This post is part of a coordinated series of blog posts examining the details of version 5 of the NERC Critical Infrastructure Protection (CIP) standards. These posts, written by various individuals having direct experience with these standards, will point out security gaps, ambiguities, and areas that could prove challenging to audit. The purpose of the posts is to highlight areas for future improvement, and to draw attention to issues for which entities may wish to apply greater diligence than is currently required by regulation.

In this simulpost between from the Anfield Group, Stacy Bresler discusses the differences between the Information Protection Program in CIP Version 3 and the new IPP in Version 5. Stacy maintains that some of the language will be confusing in an audit, and that should be looked at carefully while the Version 5 transition is going on. – MHT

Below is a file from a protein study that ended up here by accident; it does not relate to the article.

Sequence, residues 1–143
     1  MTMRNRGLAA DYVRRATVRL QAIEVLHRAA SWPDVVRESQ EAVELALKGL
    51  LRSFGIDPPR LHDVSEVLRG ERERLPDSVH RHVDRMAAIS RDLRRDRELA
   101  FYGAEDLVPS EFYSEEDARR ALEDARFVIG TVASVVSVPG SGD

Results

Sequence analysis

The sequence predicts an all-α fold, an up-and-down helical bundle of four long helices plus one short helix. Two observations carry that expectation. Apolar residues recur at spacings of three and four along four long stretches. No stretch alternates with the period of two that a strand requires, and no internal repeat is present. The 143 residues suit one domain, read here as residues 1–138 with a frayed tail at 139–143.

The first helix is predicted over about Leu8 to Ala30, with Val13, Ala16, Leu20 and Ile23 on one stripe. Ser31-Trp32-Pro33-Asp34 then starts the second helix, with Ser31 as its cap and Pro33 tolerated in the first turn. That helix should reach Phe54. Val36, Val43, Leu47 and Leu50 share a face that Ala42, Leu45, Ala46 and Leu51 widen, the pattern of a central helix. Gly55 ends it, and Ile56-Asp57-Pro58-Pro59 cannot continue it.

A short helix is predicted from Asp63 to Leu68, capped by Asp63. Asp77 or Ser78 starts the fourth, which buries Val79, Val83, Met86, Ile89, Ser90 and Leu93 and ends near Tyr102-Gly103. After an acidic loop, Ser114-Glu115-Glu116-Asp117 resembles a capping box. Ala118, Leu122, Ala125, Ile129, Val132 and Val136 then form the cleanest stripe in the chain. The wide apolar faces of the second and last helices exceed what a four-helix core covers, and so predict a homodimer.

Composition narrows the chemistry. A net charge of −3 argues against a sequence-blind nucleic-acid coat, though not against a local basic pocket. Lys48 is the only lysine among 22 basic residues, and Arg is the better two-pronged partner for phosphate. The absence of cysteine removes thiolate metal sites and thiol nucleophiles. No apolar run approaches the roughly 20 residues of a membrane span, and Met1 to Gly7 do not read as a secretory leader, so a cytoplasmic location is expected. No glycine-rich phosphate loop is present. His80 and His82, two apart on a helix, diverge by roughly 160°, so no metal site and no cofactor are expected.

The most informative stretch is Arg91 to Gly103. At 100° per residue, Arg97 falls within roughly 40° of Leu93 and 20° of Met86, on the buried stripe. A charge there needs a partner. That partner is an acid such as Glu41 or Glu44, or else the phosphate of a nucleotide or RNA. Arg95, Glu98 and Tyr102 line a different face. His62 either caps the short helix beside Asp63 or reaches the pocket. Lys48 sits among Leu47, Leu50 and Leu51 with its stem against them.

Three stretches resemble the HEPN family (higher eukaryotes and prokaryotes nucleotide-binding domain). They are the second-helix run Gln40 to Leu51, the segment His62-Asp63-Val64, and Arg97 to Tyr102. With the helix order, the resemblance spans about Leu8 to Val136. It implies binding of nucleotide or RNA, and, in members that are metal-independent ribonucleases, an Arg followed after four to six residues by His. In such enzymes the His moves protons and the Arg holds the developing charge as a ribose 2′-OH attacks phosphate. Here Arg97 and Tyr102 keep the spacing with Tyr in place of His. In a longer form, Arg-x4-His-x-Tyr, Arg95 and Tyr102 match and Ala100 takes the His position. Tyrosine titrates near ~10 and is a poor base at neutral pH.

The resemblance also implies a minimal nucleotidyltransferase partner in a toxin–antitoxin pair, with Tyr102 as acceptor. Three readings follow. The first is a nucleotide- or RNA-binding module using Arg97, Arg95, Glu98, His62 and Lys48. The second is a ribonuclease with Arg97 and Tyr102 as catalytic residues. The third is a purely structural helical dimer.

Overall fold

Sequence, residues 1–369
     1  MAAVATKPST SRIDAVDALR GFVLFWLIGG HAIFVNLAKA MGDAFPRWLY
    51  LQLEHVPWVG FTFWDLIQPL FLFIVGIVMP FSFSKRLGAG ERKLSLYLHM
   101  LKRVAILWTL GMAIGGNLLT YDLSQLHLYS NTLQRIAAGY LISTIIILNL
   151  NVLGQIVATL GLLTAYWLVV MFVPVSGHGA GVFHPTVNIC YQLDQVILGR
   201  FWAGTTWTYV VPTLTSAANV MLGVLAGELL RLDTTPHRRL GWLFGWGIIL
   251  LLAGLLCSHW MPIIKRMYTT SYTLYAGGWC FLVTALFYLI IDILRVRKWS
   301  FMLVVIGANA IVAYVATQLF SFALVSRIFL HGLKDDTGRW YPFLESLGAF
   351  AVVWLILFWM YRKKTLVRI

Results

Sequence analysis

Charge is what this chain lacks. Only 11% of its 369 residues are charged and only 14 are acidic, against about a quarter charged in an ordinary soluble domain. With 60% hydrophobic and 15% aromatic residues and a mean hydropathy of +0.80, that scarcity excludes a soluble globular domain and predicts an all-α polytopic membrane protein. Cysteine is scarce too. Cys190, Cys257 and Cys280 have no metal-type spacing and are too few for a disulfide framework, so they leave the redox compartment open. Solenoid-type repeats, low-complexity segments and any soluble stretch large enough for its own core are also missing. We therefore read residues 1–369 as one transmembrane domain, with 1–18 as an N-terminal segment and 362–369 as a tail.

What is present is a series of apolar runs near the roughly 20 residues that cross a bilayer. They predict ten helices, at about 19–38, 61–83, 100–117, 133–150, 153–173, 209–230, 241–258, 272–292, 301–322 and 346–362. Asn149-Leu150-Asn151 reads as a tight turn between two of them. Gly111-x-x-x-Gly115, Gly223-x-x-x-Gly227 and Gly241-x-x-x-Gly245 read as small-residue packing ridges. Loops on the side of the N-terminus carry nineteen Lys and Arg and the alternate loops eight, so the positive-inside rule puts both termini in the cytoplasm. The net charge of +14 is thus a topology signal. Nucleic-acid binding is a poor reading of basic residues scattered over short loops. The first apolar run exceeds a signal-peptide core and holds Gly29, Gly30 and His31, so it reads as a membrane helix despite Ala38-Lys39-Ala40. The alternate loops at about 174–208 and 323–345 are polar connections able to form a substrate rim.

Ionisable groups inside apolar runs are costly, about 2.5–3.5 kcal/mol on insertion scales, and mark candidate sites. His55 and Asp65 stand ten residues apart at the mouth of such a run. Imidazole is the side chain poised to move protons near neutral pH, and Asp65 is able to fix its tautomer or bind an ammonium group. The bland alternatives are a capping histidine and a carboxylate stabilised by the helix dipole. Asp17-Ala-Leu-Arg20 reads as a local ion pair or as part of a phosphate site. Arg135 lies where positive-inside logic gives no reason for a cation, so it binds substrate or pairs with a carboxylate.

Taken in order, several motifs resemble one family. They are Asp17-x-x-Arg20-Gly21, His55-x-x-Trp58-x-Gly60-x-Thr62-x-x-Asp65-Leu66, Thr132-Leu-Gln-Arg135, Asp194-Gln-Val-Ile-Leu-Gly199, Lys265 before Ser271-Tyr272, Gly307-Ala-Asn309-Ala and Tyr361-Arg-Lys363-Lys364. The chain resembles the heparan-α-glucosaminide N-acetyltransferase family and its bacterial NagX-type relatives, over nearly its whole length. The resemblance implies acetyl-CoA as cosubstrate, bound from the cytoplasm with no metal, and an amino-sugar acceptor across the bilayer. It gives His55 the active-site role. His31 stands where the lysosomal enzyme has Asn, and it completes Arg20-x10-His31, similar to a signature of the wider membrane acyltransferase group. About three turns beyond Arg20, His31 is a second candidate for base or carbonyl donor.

Stacy BreslerThe Anfield Group

A bit of history (but not a history lesson)

The requirement to establish an Information Protection Program (or something similar) has existed in the CIP standards from the very beginning. When I say very beginning, I mean since FERC’s Standard Market Design (SMD) Notice of Proposed Rulemaking (NOPR) Appendix G (called the Cyber Security Standards for Electric Wholesale Market Operations Participants) where it had a single sentence that stated:

Critical electric facilities shall restrict the distribution of maps, floor plans and equipment layouts pertaining to those facilities, and restrict the use of signage indicating critical facility locations.

Since that NOPR failed, Urgent Action Standard 1200 was created in 2003 and had this to say about information protection (1210):

Read more at theAnfieldGroup.com.

title image by by itjournalist